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PART A reading

& PART

B reading

What is the difference?


PART A reading is a series of 4 separate pieces of information - on all the one topic. The information could be in the form of a dotpointed list / a table with numbers or percentages / perhaps a flow chart / a map / a few short paragraphs / one page of writing - in short, different ways of presenting information. Your task in this part is to complete the gap fill exercise. There will be somewhere between 25 and 30 gaps to be completed - drawing on the information in the separate pieces of information. You are given 15 minutes to complete Part A. (Not enough time). The OETWorkshop strongly recommends you adopt a time management approach to Part A - and follow this strategy: 1. Read only the headings of each separate piece of information 2. Go to the gap-fill exercise and find out how many gaps are to be filled in 3. Estimate how much time you have to find the answer to each gap. Example: 15 minutes LESS 2 minutes to read / skim read the 4 pieces of text that leaves you with 13 minutes. 13 minutes X 60 seconds = 780 seconds. Lets say you have 30 gaps to be filled. 780 DIVIDED BY 30 = 26 seconds per gap. 4. Dont forget: You only need 65% correct to get a B score. [65% of 30 gaps = 19.5 rounded up to 20 gaps. Get 20 out of 30 correct = B - a pass! ] 5. If you have any problems finding the answer to a particular gap move on dont waste time remember, you only need 65% correct to get a pass.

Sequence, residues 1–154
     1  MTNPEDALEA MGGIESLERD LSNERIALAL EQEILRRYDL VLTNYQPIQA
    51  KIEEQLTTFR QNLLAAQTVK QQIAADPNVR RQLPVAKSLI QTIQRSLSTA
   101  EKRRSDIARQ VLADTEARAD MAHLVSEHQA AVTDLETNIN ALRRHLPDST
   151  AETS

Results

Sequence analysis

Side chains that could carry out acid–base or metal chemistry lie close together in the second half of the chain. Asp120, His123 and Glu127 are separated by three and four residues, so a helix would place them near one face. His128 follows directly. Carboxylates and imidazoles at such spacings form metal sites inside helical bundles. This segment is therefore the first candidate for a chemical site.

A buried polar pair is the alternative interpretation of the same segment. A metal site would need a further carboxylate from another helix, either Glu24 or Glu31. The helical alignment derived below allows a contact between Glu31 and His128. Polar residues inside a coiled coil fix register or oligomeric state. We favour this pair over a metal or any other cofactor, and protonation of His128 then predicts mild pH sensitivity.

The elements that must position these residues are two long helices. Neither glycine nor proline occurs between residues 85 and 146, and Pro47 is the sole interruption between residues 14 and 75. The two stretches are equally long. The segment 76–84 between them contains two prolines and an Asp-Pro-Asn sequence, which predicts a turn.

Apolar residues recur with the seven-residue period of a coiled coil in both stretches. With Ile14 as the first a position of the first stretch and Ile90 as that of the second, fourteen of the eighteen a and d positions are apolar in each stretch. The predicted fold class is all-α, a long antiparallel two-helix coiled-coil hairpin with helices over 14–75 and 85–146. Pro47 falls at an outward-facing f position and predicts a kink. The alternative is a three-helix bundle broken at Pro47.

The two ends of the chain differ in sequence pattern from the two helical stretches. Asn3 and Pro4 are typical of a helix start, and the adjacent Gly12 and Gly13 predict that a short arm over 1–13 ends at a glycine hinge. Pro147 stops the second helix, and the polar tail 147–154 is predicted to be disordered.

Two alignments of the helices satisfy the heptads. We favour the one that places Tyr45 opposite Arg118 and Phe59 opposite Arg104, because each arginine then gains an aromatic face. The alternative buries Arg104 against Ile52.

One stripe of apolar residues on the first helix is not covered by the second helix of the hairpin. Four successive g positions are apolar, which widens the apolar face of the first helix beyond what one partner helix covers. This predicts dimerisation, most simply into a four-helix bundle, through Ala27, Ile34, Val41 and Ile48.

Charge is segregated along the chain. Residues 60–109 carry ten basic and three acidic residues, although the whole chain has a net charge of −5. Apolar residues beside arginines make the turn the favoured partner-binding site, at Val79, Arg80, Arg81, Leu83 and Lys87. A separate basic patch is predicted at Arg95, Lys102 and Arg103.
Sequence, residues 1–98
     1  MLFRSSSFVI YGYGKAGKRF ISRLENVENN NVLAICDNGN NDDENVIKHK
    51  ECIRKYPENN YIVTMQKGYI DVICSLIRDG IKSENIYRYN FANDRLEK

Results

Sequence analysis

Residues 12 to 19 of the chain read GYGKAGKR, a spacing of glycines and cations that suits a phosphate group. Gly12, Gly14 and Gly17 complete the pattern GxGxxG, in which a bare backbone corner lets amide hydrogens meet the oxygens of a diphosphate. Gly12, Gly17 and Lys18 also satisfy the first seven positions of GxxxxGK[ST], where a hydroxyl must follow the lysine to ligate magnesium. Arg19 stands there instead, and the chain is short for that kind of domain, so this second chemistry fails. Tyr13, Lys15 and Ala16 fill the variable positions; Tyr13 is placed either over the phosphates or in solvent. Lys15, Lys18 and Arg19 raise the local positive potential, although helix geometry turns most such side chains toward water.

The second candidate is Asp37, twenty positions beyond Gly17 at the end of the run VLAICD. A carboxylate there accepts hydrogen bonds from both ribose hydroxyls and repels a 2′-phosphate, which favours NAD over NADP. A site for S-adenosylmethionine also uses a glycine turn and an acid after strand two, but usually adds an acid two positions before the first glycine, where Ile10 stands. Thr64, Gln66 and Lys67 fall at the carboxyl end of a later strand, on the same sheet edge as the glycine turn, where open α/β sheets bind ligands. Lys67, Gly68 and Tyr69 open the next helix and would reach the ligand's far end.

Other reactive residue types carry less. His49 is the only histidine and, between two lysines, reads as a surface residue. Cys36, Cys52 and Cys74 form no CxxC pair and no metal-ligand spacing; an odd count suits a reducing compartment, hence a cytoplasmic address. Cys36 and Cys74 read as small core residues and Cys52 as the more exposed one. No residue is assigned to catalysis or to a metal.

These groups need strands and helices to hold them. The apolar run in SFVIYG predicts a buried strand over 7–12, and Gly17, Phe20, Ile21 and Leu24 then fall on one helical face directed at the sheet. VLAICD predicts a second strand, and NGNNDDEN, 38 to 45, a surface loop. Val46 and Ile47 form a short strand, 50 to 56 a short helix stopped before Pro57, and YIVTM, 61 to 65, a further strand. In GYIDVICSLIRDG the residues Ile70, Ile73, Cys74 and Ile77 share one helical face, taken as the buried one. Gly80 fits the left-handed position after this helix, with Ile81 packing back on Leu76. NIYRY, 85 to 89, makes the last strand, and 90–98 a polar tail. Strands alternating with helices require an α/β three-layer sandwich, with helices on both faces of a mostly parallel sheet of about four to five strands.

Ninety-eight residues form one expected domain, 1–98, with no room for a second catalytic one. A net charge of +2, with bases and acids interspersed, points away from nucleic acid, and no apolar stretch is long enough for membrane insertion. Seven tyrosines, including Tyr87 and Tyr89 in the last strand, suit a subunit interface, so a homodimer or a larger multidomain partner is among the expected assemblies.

PART B reading is comprised of TWO x 600 to 650 word pieces of text each one with 7 or 8 multiple choice questions. You have to circle a, b, c or d - to indicate which option you think best fits the question. [Often there are two options which could be the right answer - but one will be more right than the other.] You are given 45 minutes to complete Part B - about 20 minutes for each reading. The OETWorkshop strongly recommends you try to understand the question that is being asked: The author asserts - is different from According to the data .... . If the author is asserting something, the author is putting forward his / her opinion on something - whereas, according to the data relies on factual evidence. Again, if you have any problems trying to find a clear-cut answer to one of the questions leave it move on come back to it later. Remember, you only need 65% correct to get a pass. 65% of 16 questions (8 questions for each passage) = 10.4 rounded up to 11. You need 11 out of 16 questions to get a B score.